Tips for Bystanders

Give them a Hug

Most people who have lost a loved one agree that the most you can do for them is give them a big hug. Of course, you always want to ask permission to do this, as not everyone is ready for close contact. Make sure you hold them close for about 30 seconds and avoid the “back patting” that often happens when you want to release the person.

First Hour Grief Response - Fall 2018 Newsletter - Hug

What to Say

The best thing you can say to a person is, “I am so sorry for your loss.” Or, “I really don’t know what to say in this situation. I am so sorry.” Truth is, there really are no words to help someone who just lost a loved one.

What NOT to Say

Avoid phrases like the following:

  • “He’s/She’s in a better place.”
  • “People have been through worse.”
  • “If my child died, I would be happy to know he/she is in heaven.”
  • “At least you have other children.”
  • “You’ll find love again. It won’t be long.”
  • “You have to be strong.”
  • “Everything happens for a reason.”
  • “I know how you feel.”
  • “God never gives you more than you can handle.”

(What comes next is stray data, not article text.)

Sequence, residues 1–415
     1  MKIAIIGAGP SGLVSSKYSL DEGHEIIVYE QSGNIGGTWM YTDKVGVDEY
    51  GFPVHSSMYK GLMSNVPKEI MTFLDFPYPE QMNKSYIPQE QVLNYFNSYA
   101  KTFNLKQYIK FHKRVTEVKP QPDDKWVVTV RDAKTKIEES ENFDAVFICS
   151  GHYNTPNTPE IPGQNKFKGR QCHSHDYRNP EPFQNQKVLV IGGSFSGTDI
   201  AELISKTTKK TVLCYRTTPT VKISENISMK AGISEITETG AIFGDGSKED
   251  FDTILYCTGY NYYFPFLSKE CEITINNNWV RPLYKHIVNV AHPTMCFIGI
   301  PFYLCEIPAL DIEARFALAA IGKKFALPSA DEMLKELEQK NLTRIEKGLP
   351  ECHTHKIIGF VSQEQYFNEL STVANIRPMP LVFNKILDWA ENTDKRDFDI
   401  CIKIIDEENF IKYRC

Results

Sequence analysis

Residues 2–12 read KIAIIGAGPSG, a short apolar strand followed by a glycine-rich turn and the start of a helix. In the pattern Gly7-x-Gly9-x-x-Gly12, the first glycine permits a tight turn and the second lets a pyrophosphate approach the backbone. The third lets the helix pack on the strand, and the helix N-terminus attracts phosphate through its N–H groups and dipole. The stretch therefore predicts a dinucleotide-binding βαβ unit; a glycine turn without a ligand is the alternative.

• “You need to stop feeling sorry for yourself and move on.”
  • “God needed him/her more than you do.”
  • “It was her/his time.”

Ask the person how they are today?

Grief is such a roller coaster and each day can be different. Grievers experience emotions such as anger, depression, anxiety, guilt, blame, hopelessness, fear, suicidal thoughts, feeling cheated, wanting to know why it happened and the list goes on. Once you ask how they are, just listen. Stay engaged in what they are saying.

You don’t have to have any answers.

They just need to talk about how they are doing and trust that you really want to know and understand what is going on with them. You might tell them how sorry you are and that while you don’t truly understand what they are going through, it sounds really difficult. And then check on them regularly. They may not always want to talk about it so don’t feel offended if they don’t answer your call or want to get together face to face. Or if they simply say, I can’t talk about it right now, then switch topics. Avoid telling them too many happy things that are going on in your life right now. That can also trigger an emotional response as they just aren’t prepared to listen to how great your life is when their life is so dark and heavy.

Feel the need to share? 

If you would like to share your story on our blog or privately with one of our grief counselors, please submit it to us through the Contact page.

*If you would like your story shared publicly on our blog, please omit, or replace names of person’s that have not consented to their name being used. With your permission and upon review, we will do what we can to share as many people’s stories as possible. 

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